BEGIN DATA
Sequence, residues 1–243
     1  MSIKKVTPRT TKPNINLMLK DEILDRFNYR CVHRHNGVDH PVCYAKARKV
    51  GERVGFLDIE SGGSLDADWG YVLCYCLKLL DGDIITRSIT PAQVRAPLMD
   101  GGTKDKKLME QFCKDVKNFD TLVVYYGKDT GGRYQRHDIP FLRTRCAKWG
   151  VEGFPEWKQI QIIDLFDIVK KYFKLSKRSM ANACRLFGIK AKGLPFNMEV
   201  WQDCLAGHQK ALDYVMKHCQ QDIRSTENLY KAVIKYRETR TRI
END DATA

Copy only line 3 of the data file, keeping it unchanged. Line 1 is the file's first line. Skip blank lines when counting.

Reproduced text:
    51  GERVGFLDIE SGGSLDADWG YVLCYCLKLL DGDIITRSIT PAQVRAPLMD